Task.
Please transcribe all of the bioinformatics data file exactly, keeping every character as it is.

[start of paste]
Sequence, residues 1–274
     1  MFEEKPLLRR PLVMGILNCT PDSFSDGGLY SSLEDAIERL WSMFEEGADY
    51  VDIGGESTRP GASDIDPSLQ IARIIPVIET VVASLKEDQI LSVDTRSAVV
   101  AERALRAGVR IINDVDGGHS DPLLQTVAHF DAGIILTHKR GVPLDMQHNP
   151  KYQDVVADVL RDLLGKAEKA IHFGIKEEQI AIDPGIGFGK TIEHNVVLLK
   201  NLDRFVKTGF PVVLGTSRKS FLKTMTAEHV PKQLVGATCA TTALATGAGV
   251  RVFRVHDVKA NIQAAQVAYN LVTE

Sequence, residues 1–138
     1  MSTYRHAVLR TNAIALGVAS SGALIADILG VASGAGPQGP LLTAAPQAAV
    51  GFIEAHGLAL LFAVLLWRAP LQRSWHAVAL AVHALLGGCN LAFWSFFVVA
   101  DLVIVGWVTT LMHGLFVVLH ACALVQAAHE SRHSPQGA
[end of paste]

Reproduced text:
Sequence, residues 1–274
     1  MFEEKPLLRR PLVMGILNCT PDSFSDGGLY SSLEDAIERL WSMFEEGADY
    51  VDIGGESTRP GASDIDPSLQ IARIIPVIET VVASLKEDQI LSVDTRSAVV
   101  AERALRAGVR IINDVDGGHS DPLLQTVAHF DAGIILTHKR GVPLDMQHNP
   151  KYQDVVADVL RDLLGKAEKA IHFGIKEEQI AIDPGIGFGK TIEHNVVLLK
   201  NLDRFVKTGF PVVLGTSRKS FLKTMTAEHV PKQLVGATCA TTALATGAGV
   251  RVFRVHDVKA NIQAAQVAYN LVTE

Sequence, residues 1–138
     1  MSTYRHAVLR TNAIALGVAS SGALIADILG VASGAGPQGP LLTAAPQAAV
    51  GFIEAHGLAL LFAVLLWRAP LQRSWHAVAL AVHALLGGCN LAFWSFFVVA
   101  DLVIVGWVTT LMHGLFVVLH ACALVQAAHE SRHSPQGA